I wrote a set of scripts to make Cadence IC tools & Subversion work together. This requires subversion 1.4 or higher. Red Hat Enterprise Linux 4 by default ships with 1.3.

See also Pictorial Introduction to Using Cadence/Subversion for detailed tutorial on usage. This post is mostly about the guts of the scripts.

Note: this is not professional/enterprise Cadence/Subversion integration (which is much more powerful and highly recommended). My solution works well for personal or small team scenarios, where the users are patient and willing to put up with some debugging. There were a few problems that I had to solve:

Pesky .svn directories

The main problem is that Subversion puts .svn housekeeping directories everywhere. When I’d copy a cell, these directories would come along. This baggage caused subversion to get really confused. It would think that the new cell was a check-out of the old cell (not a copy with ancestry). It was clear that something needed to be done to prevent these copies. So, I created a copy hook to remove .svn directories from cadence copy commands; this is contained in svnCopyTrigger.il. This solution isn’t complete–namely, when the analog design
environment (ADE) saves a simulation state, it seems to completely
obliterate the directory (including the .svn sub-directory) and re-save
the state information. What I’ve found that works is:

  1. remove the pre-existing ADE state directory (either in ./.artist_state or as cell-view)
  2. re-save the new state using ADE
  3. tar up the saved state
  4. svn up to restore the .svn directory
  5. untar the saved state (over-writing the state information but not the .svn directory)

I have automated steps 3,4,5 in a script called fixtilde .


For a while, I went without locking. This worked well until someone else was working on the same design (as soon as it went to layout). My layout contractor would edit (for LVS) the same cell I was working out without me knowing (and vice versa). We’d each get stuck when we tried to check-in. So, it was clear that we needed a locking mechanism. This is where subversion (and not many other version control systems) shines: it has a very unobtrusive locking mechanism. By setting the correct properties, files will be dumped out with read-only UNIX permissions. By giving an svn lock command, subversion will mark the file locked in the repository (thus allowing no one else to lock it) and make it writable in your working copy.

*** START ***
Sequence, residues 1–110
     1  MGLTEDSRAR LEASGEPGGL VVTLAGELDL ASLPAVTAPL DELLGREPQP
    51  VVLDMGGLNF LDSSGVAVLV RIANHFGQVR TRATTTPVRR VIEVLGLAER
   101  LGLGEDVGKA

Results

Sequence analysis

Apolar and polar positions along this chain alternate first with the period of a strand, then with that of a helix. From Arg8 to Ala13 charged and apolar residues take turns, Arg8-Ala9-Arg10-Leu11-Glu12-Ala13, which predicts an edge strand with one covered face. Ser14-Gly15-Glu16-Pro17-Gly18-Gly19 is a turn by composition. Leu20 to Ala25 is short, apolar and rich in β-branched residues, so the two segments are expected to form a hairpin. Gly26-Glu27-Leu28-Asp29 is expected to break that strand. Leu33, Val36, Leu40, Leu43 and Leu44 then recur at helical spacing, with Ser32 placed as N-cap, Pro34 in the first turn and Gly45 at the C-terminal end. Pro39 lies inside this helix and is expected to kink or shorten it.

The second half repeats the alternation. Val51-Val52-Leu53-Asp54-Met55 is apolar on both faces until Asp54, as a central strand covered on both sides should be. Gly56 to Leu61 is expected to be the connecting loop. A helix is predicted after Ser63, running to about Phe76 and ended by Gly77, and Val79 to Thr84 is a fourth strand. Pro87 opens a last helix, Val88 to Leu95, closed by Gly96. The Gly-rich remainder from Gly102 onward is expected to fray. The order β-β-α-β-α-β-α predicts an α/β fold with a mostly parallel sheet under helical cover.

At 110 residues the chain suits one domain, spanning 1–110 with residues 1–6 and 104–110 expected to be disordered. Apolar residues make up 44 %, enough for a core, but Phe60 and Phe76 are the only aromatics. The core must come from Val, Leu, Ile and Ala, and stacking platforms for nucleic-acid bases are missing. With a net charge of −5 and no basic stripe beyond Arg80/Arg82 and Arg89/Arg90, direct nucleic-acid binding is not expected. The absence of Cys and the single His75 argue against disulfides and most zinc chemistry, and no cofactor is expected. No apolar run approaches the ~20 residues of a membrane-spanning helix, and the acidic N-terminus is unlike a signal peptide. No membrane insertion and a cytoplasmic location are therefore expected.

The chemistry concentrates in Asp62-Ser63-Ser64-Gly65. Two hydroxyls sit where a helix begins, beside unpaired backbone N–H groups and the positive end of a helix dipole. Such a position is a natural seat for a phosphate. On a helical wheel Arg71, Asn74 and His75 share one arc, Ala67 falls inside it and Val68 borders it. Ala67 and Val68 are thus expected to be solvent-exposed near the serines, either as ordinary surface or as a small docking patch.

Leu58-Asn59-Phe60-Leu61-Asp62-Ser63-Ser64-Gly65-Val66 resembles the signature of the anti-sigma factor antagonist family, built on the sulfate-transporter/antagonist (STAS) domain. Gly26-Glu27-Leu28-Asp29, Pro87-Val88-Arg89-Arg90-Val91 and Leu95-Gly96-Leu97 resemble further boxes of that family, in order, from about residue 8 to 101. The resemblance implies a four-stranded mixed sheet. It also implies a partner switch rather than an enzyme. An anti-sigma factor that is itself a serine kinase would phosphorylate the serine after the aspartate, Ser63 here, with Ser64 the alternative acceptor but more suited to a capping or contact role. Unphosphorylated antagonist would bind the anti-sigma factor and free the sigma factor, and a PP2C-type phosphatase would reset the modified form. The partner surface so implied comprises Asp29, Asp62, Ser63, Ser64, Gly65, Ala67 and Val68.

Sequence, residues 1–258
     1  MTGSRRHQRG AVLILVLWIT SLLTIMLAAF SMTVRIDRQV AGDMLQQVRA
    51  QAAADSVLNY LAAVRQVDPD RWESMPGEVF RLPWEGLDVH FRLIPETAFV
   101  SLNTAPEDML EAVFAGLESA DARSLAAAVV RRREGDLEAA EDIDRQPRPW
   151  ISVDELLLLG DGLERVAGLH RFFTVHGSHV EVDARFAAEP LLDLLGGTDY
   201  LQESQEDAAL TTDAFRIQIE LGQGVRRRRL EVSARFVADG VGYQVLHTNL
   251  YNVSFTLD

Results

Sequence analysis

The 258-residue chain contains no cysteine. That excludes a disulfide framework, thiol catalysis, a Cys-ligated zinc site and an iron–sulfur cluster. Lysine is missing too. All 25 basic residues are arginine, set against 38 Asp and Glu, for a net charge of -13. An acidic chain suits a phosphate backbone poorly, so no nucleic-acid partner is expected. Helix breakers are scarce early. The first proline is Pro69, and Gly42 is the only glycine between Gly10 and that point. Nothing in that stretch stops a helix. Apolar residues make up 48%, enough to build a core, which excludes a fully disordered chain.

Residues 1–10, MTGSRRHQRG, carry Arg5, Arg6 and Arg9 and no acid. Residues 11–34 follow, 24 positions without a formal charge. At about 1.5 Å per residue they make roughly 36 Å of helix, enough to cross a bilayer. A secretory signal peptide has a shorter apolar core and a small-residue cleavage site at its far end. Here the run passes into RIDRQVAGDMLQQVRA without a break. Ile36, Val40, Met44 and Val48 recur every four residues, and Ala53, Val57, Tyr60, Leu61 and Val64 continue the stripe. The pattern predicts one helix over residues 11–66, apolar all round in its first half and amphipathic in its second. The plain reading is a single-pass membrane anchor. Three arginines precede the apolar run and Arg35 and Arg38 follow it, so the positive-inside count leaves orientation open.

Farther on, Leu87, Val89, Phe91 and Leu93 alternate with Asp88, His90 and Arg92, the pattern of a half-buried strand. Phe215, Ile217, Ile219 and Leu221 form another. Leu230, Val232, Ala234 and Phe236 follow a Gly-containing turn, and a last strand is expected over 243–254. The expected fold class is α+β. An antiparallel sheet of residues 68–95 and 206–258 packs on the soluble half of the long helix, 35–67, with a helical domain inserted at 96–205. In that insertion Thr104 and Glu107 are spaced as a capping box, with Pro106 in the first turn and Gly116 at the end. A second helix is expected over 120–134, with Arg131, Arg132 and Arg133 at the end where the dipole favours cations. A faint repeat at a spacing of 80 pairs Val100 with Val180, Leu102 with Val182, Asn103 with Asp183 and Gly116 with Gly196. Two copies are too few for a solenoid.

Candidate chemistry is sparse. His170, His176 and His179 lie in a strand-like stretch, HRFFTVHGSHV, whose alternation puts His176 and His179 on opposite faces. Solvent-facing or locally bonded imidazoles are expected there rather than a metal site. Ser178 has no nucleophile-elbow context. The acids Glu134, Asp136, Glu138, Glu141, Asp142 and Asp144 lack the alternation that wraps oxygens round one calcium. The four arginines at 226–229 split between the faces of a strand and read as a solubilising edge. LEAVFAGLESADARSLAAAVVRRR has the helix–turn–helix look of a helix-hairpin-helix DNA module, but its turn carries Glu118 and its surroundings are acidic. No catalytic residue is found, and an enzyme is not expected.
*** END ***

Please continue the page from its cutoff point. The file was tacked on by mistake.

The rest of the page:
The only difficulty with this system is that it works on files only. There is no recursive lock command. So, I wrote a python script to recurse down directories and lock all files. I also wrote a script (lockify) to recursively put permissions (svn:lock-required) on all files in a directory so that subversion “requires” them to be locked before editing.

Note that locks can be bypassed by chmod‘ing a directory. This is useful since you may want to try an edit that you don’t intend to check back in while someone else has it locked. The locking mechanism gives users a default way to avoid stepping on each others toes without paralyzing them.

Eventually, I found myself locking from the command-line so often, that I created Cadence procedures to do it (svnLockCell.il and svnLockCellView.il) and associated schematic/layout/symbol menu picks (in the menus directory).


One final note is that subversion won’t place files/directories under version control unless you ask it to (svn add). I found it tedious to go to the command line and do an svn add for new items all the time. In addition, there are certain things you don’t want added (.cdslck files). So, I wrote procedures (svnAddCell.il, svnAddCellView.il) and associated menus to to perform these tasks. The addCell and addCellView procedure also puts the correct subversion properties on files to require locking. You can use the unlockify command (from a UNIX shell) to remove these properties.


Untar the cdsvn2.tar file in your Cadence start directory (wherever you type icfb, icms, etc.). The tar file contains a svn.cdsinit file which needs to be loaded in your .cdsinit:

In addition, it contains a cdsLibMgr.il file which sets up menu picks from the Library Manager. Finally, it contains a menus/ directory that has menu additions (Subversion>Lock View) for schematic, layout, and symbol editing windows.

The files

This tar file


contains all the cadence skill (.il) files, menu definitions (/menus), and command-line utilities (/bin). I am releasing it under the GPL. Note that this package comes with no warranty that it will work as intended. If you lose any data, money, or anything else because you chose to download it and run it, that’s your fault.

Update 2008-09-03

Added “Usage” section and added cdsLibMgr.il to TAR file.

Update 2008-09-04

Added some more missing files to CDSVN.tar: svn.env, example.cdsinit, svn.cdsinit, cadence_ignores.txt

Also, attributed a couple other people for this comp.cad.cadence post: Problem with Copying cells